It’s getting hot, man.

Sauna hot. Oven hot. Heat so hot it smothers you, pushes you down, keeps you from leaving the house because it’s just so damn hot.

I was just out there in it, and I can tell you it’s not going anywhere anytime soon.

Yes, it’s North Carolina — it’s supposed to be hot. Always been hot in that long stretch of summer that hits after the Fourth of July. Hot in the morning. Hot at night. Hot all day.

I drive a black car, with a black interior; it’s so hot when I climb into the thing that it feels like an expensive spa treatment.

Because also, I kind of like it. I can handle the heat.

I lived for more than 10 years in Louisiana, where on hot July days a walk through the French Quarter can feel like swimming in a steaming tray of water. The heat makes your shirt stick to your back and curls up your hair. It activates every sweat gland in your body until the stuff runs in invisible rivulets down to your socks. You need a damn good reason to go out in heat like that. And unless you have access to swimming pool, a beach house or reliable air-conditioning, there’s little respite from it.

There are techniques for surviving the deep heat: Drink lots of water, especially if you’re drinking drinking. Find the shady side of the street. Wear white clothes to take some of the edge off the sun. A hat can help.

One summer it got so hot I could barely stand it. And then, all of a sudden, I could.

It was mostly a matter of accepting the heat, working within its parameters, respecting its ability to shut you down while still waging slow, steady war against it.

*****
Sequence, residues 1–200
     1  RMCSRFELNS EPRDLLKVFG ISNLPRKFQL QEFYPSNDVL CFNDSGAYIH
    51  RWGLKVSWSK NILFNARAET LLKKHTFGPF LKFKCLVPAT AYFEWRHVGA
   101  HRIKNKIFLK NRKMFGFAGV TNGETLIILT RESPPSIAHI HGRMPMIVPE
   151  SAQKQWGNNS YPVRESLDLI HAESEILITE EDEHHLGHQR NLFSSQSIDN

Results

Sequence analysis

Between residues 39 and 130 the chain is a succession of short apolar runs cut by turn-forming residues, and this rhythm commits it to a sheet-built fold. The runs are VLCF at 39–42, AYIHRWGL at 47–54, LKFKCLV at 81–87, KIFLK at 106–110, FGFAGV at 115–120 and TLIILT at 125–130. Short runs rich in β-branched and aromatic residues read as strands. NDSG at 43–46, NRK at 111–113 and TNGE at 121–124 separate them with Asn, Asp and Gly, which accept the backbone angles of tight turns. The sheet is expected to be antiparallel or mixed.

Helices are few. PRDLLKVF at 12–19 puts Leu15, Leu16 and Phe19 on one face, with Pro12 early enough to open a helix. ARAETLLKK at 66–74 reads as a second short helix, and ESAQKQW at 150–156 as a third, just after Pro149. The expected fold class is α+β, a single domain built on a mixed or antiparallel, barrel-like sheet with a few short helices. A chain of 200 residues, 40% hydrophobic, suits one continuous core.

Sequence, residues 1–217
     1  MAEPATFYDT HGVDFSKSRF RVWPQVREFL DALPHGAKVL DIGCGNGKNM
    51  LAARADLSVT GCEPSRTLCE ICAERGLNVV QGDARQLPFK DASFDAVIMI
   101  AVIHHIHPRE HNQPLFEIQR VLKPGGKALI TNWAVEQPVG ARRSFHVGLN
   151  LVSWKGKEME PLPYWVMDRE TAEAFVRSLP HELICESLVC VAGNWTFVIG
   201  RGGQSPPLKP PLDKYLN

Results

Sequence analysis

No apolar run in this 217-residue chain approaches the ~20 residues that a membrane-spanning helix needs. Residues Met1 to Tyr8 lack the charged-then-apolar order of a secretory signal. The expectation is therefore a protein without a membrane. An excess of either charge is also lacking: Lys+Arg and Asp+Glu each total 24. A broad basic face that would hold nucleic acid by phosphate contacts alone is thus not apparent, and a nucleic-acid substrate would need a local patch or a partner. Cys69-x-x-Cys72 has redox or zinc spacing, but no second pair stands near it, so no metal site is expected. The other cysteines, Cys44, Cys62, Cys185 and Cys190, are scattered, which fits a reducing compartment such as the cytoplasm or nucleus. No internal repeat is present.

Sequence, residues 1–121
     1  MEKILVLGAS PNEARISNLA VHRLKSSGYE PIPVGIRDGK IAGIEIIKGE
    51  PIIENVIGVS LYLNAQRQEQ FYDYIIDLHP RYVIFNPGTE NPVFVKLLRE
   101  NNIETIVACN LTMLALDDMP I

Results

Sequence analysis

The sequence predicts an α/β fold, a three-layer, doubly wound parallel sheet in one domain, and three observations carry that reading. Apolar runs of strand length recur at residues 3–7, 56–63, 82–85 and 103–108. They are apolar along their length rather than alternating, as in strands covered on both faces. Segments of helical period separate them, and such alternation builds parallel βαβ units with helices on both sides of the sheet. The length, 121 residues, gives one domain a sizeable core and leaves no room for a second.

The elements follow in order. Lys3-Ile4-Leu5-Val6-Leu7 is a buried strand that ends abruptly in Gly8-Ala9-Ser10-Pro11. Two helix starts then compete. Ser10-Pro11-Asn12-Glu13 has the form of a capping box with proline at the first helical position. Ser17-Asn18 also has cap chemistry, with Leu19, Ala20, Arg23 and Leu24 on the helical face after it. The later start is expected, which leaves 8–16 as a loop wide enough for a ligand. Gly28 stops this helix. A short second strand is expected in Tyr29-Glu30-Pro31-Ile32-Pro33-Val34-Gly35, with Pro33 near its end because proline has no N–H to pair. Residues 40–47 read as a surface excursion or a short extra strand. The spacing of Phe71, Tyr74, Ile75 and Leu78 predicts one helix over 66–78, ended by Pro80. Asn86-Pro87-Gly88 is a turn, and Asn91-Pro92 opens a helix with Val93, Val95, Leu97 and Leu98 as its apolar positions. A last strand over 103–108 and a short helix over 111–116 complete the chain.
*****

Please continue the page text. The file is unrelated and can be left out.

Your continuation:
The heat will change you. It’s supposed to change you. Heat melts candles, softens asphalt. Heat is what turns a bag of dried grains into a bowl of rice.

Because heat is a catalyst. The heat promotes growth. And you can hide from it poolside or in air-conditioned rooms. But the rest of us are out here in the hot, hot heat, letting it work its magic upon us.

Join the First Amendment Society, a membership that goes directly to funding TCB‘s newsroom.

We believe that reporting can save the world.

The TCB First Amendment Society recognizes the vital role of a free, unfettered press with a bundling of local experiences designed to build community, and unique engagements with our newsroom that will help you understand, and shape, local journalism’s critical role in uplifting the people in our cities.

All revenue goes directly into the newsroom as reporters’ salaries and freelance commissions.

⚡ Join The Society ⚡